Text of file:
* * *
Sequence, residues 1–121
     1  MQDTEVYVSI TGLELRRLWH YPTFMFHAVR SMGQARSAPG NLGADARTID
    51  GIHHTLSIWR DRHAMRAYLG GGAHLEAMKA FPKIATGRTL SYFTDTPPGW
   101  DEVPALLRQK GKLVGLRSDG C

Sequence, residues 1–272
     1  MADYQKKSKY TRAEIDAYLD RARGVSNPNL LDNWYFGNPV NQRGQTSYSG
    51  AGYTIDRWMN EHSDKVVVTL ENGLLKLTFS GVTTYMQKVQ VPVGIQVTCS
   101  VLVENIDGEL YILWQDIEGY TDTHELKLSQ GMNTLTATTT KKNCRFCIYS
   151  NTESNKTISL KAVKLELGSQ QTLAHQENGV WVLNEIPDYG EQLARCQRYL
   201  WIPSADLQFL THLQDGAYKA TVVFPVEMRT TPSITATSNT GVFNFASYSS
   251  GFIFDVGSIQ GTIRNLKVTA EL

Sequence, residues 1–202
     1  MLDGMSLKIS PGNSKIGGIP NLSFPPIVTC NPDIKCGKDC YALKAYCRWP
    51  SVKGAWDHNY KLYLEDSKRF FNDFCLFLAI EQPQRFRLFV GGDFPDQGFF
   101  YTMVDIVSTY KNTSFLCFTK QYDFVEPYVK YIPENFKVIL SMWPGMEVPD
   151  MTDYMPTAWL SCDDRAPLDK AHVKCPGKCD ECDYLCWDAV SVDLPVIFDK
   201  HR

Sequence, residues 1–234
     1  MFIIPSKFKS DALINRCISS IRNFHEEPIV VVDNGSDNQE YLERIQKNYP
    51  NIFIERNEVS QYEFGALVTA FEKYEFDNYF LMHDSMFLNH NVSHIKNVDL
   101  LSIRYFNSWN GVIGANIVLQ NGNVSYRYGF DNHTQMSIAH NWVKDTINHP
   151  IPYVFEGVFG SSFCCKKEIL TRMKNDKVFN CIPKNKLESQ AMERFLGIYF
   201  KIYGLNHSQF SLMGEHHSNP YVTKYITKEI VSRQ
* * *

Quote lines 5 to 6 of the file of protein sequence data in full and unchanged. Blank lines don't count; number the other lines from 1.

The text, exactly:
Sequence, residues 1–272
     1  MADYQKKSKY TRAEIDAYLD RARGVSNPNL LDNWYFGNPV NQRGQTSYSG